*We’ve noticed since arriving in Ireland that people here are incredibly friendly and helpful, but their customer service skills do not carry to obsequience. Also, it pays not to take yourself too seriously in Ireland – they make fun of EVERYTHING and EVERYBODY. Aussies are similar, so WE love it here, but a few of the tourists we’ve encountered here seem to struggle with this lackadaisical and irreverent approach.

 

 

Central to Killarney National Park are the famous Lakes of Killarney, which cover about a quarter of the Park’s total area. There are 3 lakes: Upper Lake, Muckross Lake and Lough Leane. This afternoon we crossed all 3 lakes, blithely navigating the narrow inlets that link all of them together in our flat-bottomed boat. At one point the water got so shallow we all had to get out and walk a few hundred metres so the skipper could get the boat through the channel.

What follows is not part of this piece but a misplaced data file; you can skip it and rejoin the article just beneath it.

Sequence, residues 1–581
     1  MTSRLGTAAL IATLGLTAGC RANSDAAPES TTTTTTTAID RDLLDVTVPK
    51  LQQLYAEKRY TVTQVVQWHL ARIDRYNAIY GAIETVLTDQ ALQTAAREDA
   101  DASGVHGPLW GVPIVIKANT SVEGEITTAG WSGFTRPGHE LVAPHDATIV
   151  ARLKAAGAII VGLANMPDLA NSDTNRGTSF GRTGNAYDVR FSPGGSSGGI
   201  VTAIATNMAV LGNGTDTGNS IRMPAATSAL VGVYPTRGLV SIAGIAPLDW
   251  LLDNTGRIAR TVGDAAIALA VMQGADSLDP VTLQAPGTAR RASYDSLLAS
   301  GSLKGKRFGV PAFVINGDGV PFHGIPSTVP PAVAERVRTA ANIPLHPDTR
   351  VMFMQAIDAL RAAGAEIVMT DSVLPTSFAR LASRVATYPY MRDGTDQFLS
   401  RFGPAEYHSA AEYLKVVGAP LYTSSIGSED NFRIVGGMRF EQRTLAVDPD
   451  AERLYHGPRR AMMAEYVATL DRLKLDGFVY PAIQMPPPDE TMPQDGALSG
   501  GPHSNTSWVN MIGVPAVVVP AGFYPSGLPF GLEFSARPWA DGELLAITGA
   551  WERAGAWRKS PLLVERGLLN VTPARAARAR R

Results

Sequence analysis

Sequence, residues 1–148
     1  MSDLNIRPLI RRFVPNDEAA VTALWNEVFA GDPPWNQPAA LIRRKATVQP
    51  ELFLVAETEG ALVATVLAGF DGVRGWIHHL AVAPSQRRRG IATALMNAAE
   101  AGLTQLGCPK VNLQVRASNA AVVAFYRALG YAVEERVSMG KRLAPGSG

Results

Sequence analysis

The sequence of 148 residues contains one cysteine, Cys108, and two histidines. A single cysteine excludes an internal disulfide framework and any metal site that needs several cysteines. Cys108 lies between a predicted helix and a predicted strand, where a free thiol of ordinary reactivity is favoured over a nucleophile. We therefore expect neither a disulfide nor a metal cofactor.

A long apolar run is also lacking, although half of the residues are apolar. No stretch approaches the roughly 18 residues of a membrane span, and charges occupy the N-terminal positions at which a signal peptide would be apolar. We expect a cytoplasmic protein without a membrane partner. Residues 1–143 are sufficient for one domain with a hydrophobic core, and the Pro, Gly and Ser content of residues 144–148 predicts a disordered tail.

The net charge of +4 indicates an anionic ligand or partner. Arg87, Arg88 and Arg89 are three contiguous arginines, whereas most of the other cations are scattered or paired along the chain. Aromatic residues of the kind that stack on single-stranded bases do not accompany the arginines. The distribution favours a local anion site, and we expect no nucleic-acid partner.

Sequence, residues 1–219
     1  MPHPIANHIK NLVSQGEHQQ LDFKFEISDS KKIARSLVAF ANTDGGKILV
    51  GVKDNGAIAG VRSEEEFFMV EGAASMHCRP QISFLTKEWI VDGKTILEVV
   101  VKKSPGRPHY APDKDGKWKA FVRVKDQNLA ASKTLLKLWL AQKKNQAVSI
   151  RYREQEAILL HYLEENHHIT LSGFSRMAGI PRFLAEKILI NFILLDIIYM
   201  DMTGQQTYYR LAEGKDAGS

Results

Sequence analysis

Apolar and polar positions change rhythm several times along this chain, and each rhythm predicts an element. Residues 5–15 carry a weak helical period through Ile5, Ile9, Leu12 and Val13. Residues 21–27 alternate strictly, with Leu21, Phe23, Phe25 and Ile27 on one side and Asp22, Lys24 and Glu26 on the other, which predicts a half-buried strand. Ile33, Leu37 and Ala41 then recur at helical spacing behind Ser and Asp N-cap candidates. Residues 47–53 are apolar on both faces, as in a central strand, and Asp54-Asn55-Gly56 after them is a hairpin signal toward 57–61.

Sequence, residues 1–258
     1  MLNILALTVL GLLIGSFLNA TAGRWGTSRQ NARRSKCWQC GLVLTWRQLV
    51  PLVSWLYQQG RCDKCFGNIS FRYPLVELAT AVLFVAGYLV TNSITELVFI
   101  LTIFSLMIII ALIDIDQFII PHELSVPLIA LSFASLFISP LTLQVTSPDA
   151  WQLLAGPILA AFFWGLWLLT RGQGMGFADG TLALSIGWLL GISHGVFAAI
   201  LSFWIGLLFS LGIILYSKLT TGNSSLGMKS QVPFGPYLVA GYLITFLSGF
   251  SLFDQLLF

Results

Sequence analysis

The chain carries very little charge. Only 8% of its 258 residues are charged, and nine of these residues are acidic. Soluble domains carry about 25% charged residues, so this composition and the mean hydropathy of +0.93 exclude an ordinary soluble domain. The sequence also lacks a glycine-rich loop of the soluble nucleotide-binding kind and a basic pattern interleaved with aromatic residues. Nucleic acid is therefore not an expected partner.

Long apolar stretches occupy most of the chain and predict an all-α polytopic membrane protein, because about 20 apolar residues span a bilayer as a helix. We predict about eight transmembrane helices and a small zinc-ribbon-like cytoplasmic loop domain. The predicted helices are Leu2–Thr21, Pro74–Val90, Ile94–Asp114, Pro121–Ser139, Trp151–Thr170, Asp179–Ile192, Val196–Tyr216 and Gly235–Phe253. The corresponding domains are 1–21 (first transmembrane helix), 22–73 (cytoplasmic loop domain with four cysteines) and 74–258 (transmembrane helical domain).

All together the boat trip took about 1.5 hours, with the first hour providing fascinating access to vistas of high mountains, soggy marshlands and densely forested islands.

 

 

 

 

About half way across Lough Leane, however, the skies opened up and the rain that had been threatening all day finally arrived. The picturesque scenery quickly disappeared behind a blanket of cloud cover and our boat trip soon got REALLY uncomfortable. Half an hour of boating through the wind and rain and we finally arrived back in Killarney where our little old bus awaited us.

 

 

We were quickly bundled out of the rain and onto the bus, and now we’re back at our B&B towelling our hair dry and looking forward to something warm and hearty for dinner (Irish stew tonight? Or maybe some beef and Guinness pie?). Where ever we end up for dinner tonight, no doubt it will be warm and inviting, and we’ll have ample opportunity to sit and reflect on another awesome day in Eireann!